SARS-CoV-2 virus particles, which causes COVID-19, emerge from the surface of cells isolated from a patient in the U.S. and cultured in a lab in a 2020 electron microscope image. THE CANADIAN PRESS/AP-HO, National Institute of Allergy and Infectious Diseases - Rocky Mountain Laboratories
Alberta adds 463 new COVID-19 cases on Sunday

The central zone has 818 active cases

As of Friday, Alberta has under 10,000 active COVID-19 cases. (Image courtesy CDC)
Alberta identifies 573 new COVID-19 cases, 13 deaths on Saturday

There are currently 9,727 active cases of the virus in the province

As of Friday, Alberta has under 10,000 active COVID-19 cases. (Image courtesy CDC)
Three new COVID-19 deaths in Central zone, Alberta under 10,000 active cases

The Central zone sits at 849 active cases, with 52 people in hospital and 10 in the ICU.

Alberta’s chief medical officer of health Dr. Deena Hinshaw announced 16 additional deaths Thursday. (Photo by Chris Schwarz/Government of Alberta)
No easing of Alberta’s COVID-19 measures Thursday, 678 new COVID-19 cases

The province also hit 1,500 COVID-19 deaths since the beginning of the pandemic

Kyler Corriveau, of the Eckville area, was found dead on Sunday southeast of Red Deer. Police are investigating his death as a homicide. (Contributed photo).
Young Red Deer homicide victim is remembered as a caring friend

Police are investigating Kyler Corriveau’s untimely death

Terrance Josephson of the Princeton Posse, at left, and Tyson Conroy of the Summerland Steam clash during a Junior B hockey game at the Summerland Arena in the early spring of 2020. (John Arendt - Summerland Review)
QUIZ: How much do you know about hockey?

Test your knowledge of Canada’s national winter sport

A woman injects herself with crack cocaine at a supervised consumption site Friday, Jan. 22, 2021 in Ottawa. THE CANADIAN PRESS/Adrian Wyld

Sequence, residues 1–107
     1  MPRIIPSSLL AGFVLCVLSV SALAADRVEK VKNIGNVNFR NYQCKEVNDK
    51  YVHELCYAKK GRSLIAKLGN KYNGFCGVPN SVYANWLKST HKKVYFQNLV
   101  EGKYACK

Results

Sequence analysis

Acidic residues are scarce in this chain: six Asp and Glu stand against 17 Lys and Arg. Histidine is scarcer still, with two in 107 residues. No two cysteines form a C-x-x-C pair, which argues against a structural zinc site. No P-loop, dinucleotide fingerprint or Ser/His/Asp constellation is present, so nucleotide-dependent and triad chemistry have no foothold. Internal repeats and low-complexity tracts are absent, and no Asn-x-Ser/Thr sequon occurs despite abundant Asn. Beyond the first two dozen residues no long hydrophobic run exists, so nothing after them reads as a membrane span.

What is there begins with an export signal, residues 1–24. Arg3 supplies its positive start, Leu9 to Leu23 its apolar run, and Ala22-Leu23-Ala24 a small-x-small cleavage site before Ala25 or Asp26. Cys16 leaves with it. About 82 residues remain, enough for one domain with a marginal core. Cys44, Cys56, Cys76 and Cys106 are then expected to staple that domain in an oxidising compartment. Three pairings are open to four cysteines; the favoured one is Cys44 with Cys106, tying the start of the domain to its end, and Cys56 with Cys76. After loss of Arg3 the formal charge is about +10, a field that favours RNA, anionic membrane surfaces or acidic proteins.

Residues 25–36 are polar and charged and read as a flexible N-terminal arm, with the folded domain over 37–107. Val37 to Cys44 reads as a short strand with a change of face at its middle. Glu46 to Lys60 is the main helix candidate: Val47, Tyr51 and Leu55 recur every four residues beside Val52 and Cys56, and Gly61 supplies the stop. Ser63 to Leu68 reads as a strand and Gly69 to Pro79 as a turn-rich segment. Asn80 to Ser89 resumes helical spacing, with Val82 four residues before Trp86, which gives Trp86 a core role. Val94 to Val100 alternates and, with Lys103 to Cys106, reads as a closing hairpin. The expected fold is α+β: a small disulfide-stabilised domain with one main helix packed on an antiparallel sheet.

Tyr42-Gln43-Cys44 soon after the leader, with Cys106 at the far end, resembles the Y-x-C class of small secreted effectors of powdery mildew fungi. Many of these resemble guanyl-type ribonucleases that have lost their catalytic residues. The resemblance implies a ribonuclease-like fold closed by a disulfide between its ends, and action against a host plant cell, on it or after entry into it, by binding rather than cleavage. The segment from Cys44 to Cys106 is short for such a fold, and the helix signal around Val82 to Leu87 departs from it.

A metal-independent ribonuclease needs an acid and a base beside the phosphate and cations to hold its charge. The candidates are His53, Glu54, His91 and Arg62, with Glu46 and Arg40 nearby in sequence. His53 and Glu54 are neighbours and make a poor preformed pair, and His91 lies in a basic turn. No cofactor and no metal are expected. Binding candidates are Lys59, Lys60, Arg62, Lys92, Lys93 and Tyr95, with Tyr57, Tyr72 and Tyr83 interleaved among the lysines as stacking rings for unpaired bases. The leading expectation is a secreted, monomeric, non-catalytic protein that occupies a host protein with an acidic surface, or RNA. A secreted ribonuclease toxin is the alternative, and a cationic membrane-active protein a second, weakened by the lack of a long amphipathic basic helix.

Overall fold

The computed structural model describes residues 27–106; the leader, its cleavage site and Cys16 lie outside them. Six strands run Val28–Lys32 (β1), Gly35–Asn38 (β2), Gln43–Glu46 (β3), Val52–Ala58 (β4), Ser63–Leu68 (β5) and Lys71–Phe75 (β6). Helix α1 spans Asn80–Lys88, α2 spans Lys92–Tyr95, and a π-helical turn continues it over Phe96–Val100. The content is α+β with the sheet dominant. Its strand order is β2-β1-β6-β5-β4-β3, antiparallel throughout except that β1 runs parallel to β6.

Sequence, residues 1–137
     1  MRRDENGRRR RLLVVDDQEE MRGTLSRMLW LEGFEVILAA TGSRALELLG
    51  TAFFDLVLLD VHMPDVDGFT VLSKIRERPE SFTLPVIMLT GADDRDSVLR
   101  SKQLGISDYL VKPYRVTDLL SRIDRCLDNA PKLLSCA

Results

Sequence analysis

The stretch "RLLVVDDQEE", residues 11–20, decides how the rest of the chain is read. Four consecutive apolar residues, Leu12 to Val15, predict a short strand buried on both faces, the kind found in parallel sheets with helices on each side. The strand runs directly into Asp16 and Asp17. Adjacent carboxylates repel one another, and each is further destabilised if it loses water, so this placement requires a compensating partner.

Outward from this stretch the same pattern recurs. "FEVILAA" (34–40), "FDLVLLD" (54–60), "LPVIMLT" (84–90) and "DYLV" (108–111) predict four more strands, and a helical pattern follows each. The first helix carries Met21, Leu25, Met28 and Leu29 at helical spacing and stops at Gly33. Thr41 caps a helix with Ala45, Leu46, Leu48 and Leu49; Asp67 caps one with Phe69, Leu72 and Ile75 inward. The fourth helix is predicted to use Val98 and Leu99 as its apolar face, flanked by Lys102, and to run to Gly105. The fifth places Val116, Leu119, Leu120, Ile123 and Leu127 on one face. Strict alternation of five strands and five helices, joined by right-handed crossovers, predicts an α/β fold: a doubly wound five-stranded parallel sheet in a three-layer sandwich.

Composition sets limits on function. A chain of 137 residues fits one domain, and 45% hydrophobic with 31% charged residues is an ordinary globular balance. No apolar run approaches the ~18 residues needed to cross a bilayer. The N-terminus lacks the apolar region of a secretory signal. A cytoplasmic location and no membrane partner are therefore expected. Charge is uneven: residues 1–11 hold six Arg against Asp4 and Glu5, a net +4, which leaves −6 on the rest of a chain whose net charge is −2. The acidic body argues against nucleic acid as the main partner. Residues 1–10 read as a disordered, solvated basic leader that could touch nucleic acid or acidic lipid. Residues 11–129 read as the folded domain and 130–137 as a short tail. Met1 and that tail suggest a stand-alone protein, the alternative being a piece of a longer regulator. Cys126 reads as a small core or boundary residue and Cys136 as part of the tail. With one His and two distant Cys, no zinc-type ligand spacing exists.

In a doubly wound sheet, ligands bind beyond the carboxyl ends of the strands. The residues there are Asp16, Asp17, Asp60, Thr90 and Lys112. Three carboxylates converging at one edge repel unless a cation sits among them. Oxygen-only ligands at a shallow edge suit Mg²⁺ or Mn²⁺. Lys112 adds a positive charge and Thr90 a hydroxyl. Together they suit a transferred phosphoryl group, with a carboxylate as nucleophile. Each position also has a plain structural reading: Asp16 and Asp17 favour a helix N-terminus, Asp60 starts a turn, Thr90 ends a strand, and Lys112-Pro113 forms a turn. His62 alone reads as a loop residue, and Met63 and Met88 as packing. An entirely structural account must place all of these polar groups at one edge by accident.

Drug users at greater risk of dying as services scale back in second wave of COVID-19

It pins the blame largely on a lack of supports, a corrupted drug supply

RCMP. (Phil McLachlan - Black Press Media)
Blackfalds RCMP investigate fatal collision

Preliminary investigation revealed a south bound pickup truck collided with an eastbound car

Jennifer Cochrane, a Public Health Nurse with Prairie Mountain Health in Virden, administers the COVID-19 vaccine to Robert Farquhar with Westman Regional Laboratory, during the first day of immunizations at the Brandon COVID-19 vaccination supersite in Brandon, Man., on Monday, January 18, 2021. THE CANADIAN PRESS/Tim Smith - POOL
Top doctor urges Canadians to keep up with COVID measures, even as vaccines roll out

More than 776,606 vaccines have been administered so far

Dr. Jerome Leis and Dr. Lynfa Stroud are pictured at Sunnybrook Hospital in Toronto on Thursday, January 21, 2021.THE CANADIAN PRESS/Frank Gunn
‘It wasn’t called COVID at the time:’ One year since Canada’s first COVID-19 case

The 56-year-old man was admitted to Toronto’s Sunnybrook Health Sciences Centre

FILE - In this Feb. 14, 2017, file photo, Oklahoma State Rep. Justin Humphrey prepares to speak at the State Capitol in Oklahoma City. A mythical, ape-like creature that has captured the imagination of adventurers for decades has now become the target of Rep. Justin Humphrey. Humphrey, a Republican House member has introduced a bill that would create a Bigfoot hunting season, He says issuing a state hunting license and tag could help boost tourism. (Steve Gooch/The Oklahoman via AP, File)
Oklahoma lawmaker proposes ‘Bigfoot’ hunting season

A Republican House member has introduced a bill that would create a Bigfoot hunting season

FILE - In this Nov. 20, 2017, file photo, Larry King attends the 45th International Emmy Awards at the New York Hilton, in New York. Former CNN talk show host King has been hospitalized with COVID-19 for more than a week, the news channel reported Saturday, Jan. 2, 2021. CNN reported the 87-year-old King contracted the coronavirus and was undergoing treatment at Cedars-Sinai Medical Center in Los Angeles. (Photo by Andy Kropa/Invision/AP, File)
Larry King, broadcasting giant for half-century, dies at 87

King conducted an estimated 50,000 on-air interviews

Black Press File Photo
Maskwacis RCMP lay charges for attempted murder, kidnapping, and flight from police

Female victim remains in hospital in serious condition.

In this Dec. 18, 2020 photo, pipes to be used for the Keystone XL pipeline are stored in a field near Dorchester, Neb.  THE CANADIAN PRESS/AP-Chris Machian /Omaha World-Herald via AP
‘Gut punch’: Alberta Premier Jason Kenney blasts Biden on revoked Keystone XL permit

Kenney said he was upset the U.S. wouldn’t consult with Canada first before acting

Most Read